Highly repeatable 3D compressive full-azimuth towed-streamer time-lapse acquisition –- a numerical feasibility study at scale

TitleHighly repeatable {3D} compressive full-azimuth towed-streamer time-lapse acquisition –- a numerical feasibility study at scale
Publication TypeJournal Article
Year of Publication2017
AuthorsRajiv Kumar, Haneet Wason, Shashin Sharan, Felix J. Herrmann
JournalThe Leading Edge
Volume36
Number8
Page677-687
Month08
Keywords3D, CS, marine, rank minimization, simultaneous long offset, time-lapse seismic
Abstract

Most conventional 3D time-lapse (or 4D) acquisitions are ocean-bottom cable (OBC) or ocean-bottom node (OBN) surveys since these surveys are relatively easy to replicate compared to towed-streamer surveys. To attain high degrees of repeatability, survey replicability and dense periodic sampling has become the norm for 4D surveys that renders this technology expensive. Conventional towed-streamer acquisitions suffer from limited illumination of subsurface due to narrow azimuth. Although, acquisition techniques such as multi-azimuth, wide-azimuth, rich-azimuth acquisition, etc., have been developed to illuminate the subsurface from all possible angles, these techniques can be prohibitively expensive for densely sampled surveys. This leads to uneven sampling, i.e., dense receiver and coarse source sampling or vice-versa, in order to make these acquisitions more affordable. Motivated by the design principles of Compressive Sensing (CS), we acquire economic, randomly subsampled (or compressive) and simultaneous towed-streamer time-lapse data without the need of replicating the surveys. We recover densely sampled time-lapse data on one and the same periodic grid by using a joint-recovery model (JRM) that exploits shared information among different time-lapse recordings, coupled with a computationally cheap and scalable rank-minimization technique. The acquisition is low cost since we have subsampled measurements (about 70% subsampled), simulated with a simultaneous long-offset acquisition configuration of two source vessels travelling across a survey area at random azimuths. We analyze the performance of our proposed compressive acquisition and subsequent recovery strategy by conducting a synthetic, at scale, seismic experiment on a 3D time-lapse model containing geological features such as channel systems, dipping and faulted beds, unconformities and a gas cloud. Our findings indicate that the insistence on replicability between surveys and the need for OBC/OBN 4D surveys can, perhaps, be relaxed. Moreover, this is a natural next step beyond the successful CS acquisition examples discussed in this special issue.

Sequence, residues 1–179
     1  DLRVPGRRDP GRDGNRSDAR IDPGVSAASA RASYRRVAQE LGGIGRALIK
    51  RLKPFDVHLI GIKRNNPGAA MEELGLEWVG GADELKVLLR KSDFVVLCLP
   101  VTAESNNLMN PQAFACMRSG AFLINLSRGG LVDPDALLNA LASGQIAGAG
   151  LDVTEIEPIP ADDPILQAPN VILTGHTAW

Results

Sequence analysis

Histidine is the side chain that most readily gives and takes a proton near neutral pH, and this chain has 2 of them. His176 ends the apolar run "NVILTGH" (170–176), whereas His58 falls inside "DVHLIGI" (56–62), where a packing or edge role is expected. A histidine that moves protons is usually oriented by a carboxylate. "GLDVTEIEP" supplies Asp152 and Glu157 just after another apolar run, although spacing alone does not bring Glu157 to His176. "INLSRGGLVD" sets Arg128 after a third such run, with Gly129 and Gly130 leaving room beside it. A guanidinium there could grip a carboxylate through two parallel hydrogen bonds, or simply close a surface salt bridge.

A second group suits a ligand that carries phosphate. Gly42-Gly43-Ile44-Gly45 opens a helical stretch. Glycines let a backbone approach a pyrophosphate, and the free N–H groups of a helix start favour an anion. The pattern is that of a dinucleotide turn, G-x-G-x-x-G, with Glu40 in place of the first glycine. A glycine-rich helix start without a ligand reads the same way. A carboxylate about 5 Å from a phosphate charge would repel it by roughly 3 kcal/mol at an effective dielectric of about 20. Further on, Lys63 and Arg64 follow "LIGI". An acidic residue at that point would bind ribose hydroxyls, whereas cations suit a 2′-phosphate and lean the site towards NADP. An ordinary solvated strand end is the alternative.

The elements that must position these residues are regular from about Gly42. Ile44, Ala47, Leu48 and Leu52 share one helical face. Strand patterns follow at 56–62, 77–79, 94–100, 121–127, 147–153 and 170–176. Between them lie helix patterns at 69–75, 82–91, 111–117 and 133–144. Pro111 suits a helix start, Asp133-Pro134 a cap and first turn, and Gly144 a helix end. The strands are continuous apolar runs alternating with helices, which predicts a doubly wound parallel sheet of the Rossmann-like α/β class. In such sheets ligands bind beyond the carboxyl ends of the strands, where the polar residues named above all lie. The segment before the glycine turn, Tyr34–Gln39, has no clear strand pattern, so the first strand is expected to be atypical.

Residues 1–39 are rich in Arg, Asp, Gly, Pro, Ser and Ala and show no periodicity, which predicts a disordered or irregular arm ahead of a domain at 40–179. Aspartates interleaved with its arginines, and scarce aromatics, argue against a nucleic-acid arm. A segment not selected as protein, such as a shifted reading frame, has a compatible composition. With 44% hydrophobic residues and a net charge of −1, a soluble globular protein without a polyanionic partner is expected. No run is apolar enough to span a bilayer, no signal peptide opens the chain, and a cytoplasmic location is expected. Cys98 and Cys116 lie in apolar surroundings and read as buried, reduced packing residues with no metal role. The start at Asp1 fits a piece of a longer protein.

Notes

(The Leading Edge)

URLhttps://www.slim.eos.ubc.ca/Publications/Public/Journals/TheLeadingEdge/2017/kumar2017hrc/kumar2017hrc.html
DOI10.1190/tle36080677.1
Citation Keykumar2017hrc